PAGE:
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I-Team: Illegal Dumping Caught On Tape

By WBZ-TV Chief Correspondent Joe Shortsleeve
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A man on a moped dumps trash illegally. (Photo courtest of Lynn Public Works)

A man on a moped dumps trash illegally. (Photo courtest of Lynn Public Works)

I-Team
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LYNN (CBS) – They are people with no regard for the community around them, sneaking into a neighborhood and dumping all kinds of trash.

But now more of them are getting caught and I-Team reporter Joe Shortsleeve has the evidence being used against them.

Take a walk with Jay Fink, Commissioner of the Lynn Department of Public Works, and see what he sees. He says his work crews have already cleared a vacant lot off a busy Lynn street a couple of times in the past year.

WBZ-TV’s Joe Shortsleeve reports

“What is in here is bricks, cinders, concrete, things that you can’t put in the trash can, so that sort of starts the issue.”

As the commissioner surveys the lot he says, “There are mattresses, I assume were brought in under the cover of darkness.”

But Lynn is fighting back with video. Images obtained by the I-Team show a man on a moped casually dumping his trash in another nearby vacant lot and speeding away.

Talk about candid camera, the man is now being prosecuted.

Commissioner Fink admits to using the cameras with great success. He says, “They are digital cameras, we can pick up license plate numbers, and we can pick up facial recognition.”

The cameras, dozens of them, are on loan to communities across the state from the Department of Environmental Protection. They are camouflaged and hidden out of view.

Ken Kimmell, the State Commissioner says, “People who have been caught have been hit with fines ranging from $300 on the low end to many thousands on the high end, and again, much much more than they would have paid if they had just gone to the landfill.”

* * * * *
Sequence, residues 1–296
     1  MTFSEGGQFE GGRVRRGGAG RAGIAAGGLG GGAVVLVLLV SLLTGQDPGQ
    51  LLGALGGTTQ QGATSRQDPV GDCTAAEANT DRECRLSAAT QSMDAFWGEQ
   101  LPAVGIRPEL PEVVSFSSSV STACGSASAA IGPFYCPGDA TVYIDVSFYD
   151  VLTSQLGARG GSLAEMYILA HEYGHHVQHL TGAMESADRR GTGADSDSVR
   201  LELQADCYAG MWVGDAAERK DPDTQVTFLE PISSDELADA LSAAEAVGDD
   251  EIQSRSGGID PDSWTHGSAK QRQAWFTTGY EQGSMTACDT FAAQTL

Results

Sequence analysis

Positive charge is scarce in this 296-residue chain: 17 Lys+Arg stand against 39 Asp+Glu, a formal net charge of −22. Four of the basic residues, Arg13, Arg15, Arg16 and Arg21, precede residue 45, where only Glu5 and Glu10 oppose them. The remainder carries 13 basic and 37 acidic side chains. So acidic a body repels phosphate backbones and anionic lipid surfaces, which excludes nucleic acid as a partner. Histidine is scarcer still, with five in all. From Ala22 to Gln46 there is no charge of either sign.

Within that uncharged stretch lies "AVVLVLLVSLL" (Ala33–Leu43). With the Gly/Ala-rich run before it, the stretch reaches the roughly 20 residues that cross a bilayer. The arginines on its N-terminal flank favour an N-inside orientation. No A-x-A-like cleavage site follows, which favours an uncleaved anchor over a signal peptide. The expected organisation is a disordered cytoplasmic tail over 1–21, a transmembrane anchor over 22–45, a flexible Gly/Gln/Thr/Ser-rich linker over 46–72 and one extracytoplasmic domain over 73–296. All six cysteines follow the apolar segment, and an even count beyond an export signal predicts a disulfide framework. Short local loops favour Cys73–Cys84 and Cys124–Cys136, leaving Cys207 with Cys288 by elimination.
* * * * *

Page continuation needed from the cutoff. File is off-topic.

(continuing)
And the surveillance pictures capture it all. They show people are willing to take a chance dumping mattresses on a wooded lane, even in the middle of the night, flinging yard waste in the middle of a street and tossing building materials onto a sidewalk.

The result is vacant lots and space buried in a sea of decaying debris.

We visited one such vacant in Lawrence which required a small army to clean up.

John Isensee is the Commissioner. He says his employees have better things to do, but they cannot ignore this problem.

He says, “If they were not here, they would be doing street sign repair, crosswalk painting, pot hole filling.”

The I-Team found it is a scene is repeated over and over again at locations across the state, public works crews spending thousands of dollars, cleaning up the same site over and over again.

Why? Because as the trash piles up, so do the problems for the community.

Commissioner Fink in Lynn says, “Then you have problems with rodents, skunks, snakes or anything else.”

Back in Lawrence, Commissioner Isensee says, “The danger is the type of junk they put out there, this is a community of 13,000 kids.”

“They may walk in these vacant lots and there could be some broken glass or some kind of item that might cause them danger.”

Those same trash concerns have Boston officials aggressively tracking down scofflaws and issuing fines. One recent violation obtained by the I-Team says trash and debris were dumped on the grounds of a temple in Dorchester.

The I-Team went to the house in Brockton where the suspect vehicle was registered. Rene Mathieu was home recovering from surgery. He says his nephew had been using his truck.

Mathieu called his nephew and while the TV camera rolled, he said, “OK, I’ve got a problem here. I’ve got Channel 4 here and you used my truck to dump trash somewhere. Have you been using my truck to dump trash, illegal dumping?”

Mathieu admitted, “I am responsible because that is my plate, but if he does it, he is the one who is going to have to pay the consequences.”

His nephew admitted to the I-Team to being at the scene of the dumping, but says he was just picking up fire wood.

Communities are very serious about this issue these days.

Lawrence estimates it’s costing them about $250,000.00 a year to clean up lots and that is money no community has these days.

The state’s cameras have led to 60 prosecutions in recent years.

If you have a tip for the I-Team, you can let them know at ITeam@wbztv.com

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